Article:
• King & Kayla series by Dori Butler. A dog named King and his human, Kayla, solve mysteries in this realistic series. The characters are endearing and the humor is appreciated by young readers, especially the way Kayla can’t seem to understand what King is trying to communicate to her. Young readers will enjoy reading about a character their age who can solve problems.
  • Mr. Putter & Tabby series by Cynthia Rylant. The original stories in this charming series about an elderly gentleman and his pet cat, Tabby, were published in the mid-1990s. Since I began my school library career in 2002, I have shared books from this series with kindergarten students and every year they are charmed by the quiet humor and soft illustrations. If you had told me when I started my career that 5-year-olds would enthusiastically read a series of books about an elderly man and his pet, I would have found it hard to believe…yet it happens year after year. Cynthia Rylant is one of my top five authors I would like to meet and talk to, because she has managed to captivate me with such vastly different characters and stories through the years. Also try her Henry & Mudge series.

Illustrated Chapter Books:

  • Dragon Masters series by Tracey West. This illustrated chapter book series is part of the Branches early chapter book line published by Scholastic that aims to help newly-independent readers build up their reading stamina. Main character Drake is selected as a Dragon Master in training due to his special skill connecting with dragons, which allows him to effectively train them. The 15th book of this series is set to be published in the spring of 2020. Even though the target audience of these books is more the grades 2-3 crowd, my fourth graders who love the series clamor for the new titles as soon as they arrive in the library.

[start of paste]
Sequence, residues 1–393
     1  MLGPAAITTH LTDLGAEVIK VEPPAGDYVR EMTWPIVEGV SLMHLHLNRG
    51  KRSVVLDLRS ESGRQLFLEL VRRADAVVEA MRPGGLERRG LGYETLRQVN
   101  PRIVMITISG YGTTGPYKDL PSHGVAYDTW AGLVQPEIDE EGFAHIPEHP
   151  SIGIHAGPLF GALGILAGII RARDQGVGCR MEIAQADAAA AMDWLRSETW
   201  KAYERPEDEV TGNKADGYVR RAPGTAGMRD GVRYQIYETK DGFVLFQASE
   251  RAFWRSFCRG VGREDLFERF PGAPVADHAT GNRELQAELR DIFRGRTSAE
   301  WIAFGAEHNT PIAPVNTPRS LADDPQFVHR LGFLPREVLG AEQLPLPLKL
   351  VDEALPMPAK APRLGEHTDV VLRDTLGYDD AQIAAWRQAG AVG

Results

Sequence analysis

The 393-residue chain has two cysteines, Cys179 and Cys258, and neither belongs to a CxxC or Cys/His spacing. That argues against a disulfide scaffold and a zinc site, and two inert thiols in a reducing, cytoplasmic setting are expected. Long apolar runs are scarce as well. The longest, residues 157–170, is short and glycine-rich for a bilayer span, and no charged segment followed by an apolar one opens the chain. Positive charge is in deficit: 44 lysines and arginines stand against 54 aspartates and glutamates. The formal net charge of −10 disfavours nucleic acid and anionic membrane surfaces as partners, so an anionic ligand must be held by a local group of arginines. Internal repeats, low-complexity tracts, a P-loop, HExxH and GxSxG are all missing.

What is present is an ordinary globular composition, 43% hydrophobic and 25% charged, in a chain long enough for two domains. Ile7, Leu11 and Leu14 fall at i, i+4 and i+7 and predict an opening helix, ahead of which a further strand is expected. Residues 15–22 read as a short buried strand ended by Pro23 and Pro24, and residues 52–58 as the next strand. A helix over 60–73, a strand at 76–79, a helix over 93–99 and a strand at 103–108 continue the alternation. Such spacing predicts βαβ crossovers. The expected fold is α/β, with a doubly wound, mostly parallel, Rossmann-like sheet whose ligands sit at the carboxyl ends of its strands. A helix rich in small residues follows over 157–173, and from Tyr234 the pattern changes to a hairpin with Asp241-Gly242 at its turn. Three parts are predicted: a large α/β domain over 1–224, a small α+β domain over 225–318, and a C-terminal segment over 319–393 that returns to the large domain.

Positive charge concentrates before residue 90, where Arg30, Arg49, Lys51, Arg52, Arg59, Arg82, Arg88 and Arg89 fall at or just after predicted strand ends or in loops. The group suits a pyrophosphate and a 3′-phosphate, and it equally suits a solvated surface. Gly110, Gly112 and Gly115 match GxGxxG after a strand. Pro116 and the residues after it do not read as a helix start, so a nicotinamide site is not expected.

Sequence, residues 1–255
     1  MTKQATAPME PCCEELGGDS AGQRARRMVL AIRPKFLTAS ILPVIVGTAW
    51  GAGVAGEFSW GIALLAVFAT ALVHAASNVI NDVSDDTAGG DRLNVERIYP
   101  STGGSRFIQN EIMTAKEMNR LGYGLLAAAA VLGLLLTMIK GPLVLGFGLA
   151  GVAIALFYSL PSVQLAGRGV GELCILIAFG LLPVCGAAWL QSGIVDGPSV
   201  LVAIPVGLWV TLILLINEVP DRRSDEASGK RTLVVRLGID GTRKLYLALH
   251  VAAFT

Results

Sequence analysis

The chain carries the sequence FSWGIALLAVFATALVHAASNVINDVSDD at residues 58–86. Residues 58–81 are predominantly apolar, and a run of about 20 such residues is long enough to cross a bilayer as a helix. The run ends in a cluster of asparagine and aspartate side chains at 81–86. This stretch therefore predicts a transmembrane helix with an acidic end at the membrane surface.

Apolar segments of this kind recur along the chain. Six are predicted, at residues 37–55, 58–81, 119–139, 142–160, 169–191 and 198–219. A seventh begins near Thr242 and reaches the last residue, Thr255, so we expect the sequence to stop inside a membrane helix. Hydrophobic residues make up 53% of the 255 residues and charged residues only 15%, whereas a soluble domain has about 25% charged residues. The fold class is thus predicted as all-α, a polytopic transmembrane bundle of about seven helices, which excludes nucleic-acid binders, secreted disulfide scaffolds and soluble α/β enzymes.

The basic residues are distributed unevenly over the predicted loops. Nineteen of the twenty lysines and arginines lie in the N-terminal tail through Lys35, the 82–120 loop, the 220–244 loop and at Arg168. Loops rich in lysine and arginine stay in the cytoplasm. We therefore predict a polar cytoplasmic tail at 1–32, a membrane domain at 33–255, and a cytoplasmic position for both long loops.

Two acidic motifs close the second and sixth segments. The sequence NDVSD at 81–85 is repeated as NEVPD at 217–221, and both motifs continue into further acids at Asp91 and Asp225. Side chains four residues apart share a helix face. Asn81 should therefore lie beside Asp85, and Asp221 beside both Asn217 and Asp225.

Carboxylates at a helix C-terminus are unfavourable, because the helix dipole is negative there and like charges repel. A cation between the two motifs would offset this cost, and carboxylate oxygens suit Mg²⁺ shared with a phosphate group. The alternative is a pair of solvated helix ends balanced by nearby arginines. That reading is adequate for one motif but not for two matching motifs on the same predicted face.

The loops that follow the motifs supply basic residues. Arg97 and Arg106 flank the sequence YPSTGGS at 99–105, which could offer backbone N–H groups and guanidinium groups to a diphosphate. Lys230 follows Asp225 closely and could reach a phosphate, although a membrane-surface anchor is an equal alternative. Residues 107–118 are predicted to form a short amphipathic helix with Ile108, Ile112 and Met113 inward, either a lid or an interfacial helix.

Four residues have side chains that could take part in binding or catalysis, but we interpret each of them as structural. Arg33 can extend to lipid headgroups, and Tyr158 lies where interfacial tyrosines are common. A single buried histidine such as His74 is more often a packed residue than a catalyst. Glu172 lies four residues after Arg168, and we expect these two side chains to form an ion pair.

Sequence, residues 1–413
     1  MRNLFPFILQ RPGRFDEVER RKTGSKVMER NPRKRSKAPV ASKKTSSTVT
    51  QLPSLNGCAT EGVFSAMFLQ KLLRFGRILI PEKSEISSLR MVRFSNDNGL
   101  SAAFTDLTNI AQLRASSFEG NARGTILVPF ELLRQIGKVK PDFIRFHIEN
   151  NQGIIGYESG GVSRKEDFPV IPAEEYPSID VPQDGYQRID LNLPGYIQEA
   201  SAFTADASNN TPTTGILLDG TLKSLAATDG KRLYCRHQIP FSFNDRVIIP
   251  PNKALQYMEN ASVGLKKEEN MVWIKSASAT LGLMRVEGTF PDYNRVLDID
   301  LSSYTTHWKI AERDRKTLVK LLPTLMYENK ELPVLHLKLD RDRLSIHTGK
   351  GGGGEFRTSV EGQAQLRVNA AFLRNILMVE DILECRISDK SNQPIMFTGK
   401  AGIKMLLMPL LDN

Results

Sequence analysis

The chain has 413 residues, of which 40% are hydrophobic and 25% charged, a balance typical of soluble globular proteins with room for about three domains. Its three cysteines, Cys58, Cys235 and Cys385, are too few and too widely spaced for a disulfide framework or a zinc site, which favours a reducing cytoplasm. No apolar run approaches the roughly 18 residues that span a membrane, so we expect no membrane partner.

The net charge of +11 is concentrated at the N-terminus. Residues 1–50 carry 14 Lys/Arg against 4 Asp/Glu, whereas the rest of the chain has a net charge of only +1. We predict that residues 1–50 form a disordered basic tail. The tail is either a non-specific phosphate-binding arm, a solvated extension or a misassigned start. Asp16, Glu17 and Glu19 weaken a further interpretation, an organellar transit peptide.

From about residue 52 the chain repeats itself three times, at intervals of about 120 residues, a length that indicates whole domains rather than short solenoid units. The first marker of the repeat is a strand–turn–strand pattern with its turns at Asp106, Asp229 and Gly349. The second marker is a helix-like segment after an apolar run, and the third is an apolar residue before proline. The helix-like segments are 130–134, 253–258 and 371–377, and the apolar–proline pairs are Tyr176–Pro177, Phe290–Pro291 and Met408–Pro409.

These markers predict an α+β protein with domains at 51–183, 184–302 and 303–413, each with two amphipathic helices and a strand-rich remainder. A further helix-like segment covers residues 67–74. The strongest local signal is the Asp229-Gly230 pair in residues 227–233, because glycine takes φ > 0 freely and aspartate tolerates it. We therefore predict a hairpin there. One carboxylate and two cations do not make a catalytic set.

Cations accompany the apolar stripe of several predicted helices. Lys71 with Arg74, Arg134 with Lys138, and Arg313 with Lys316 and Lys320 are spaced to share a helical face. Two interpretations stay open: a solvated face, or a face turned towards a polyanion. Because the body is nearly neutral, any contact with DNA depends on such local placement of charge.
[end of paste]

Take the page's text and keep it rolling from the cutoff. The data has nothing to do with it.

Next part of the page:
• Heidi Heckelbeck series by Wanda Coven. After being homeschooled for K-1, Heidi starts attending public school for second grade. She faces all the real-life situations our young readers encounter daily at school, but she has a secret…she’s actually a witch! She needs to keep her powers a secret, but she also finds herself in situations where she wants to use those powers. And as a witch in training, things often don’t go exactly as she planned. Heidi’s likable personality as well as her friends and family make this a series that readers enjoy for many books….number 26 in the series is set to be published in October 2019.
  • Owl Diaries series by Rebecca Elliott. This series has color illustrations and is written in a journal style, documenting the life of an enthusiastic main character, Eva (an owl). Eva learns important lessons through the series, including that you can ask friends for help when you feel overwhelmed.
  • Yasmin series by Saadia Faruqi. Main character Yasmin has an imagination that helps her creatively solve all of life’s problems…or at least a second grader’s problems. I enjoy how the author deftly conveys Yasmin’s thinking as she is problem solving, giving readers ideas of how they can use a similar thought process when they find themselves in a similar situation.

For ideas beyond this short list of my students’ favorites, be sure to check in with your child’s own school library teacher, or any of the youth librarians at your local public library.

Do you have any favorite early reader books or series? Share them in the comments below!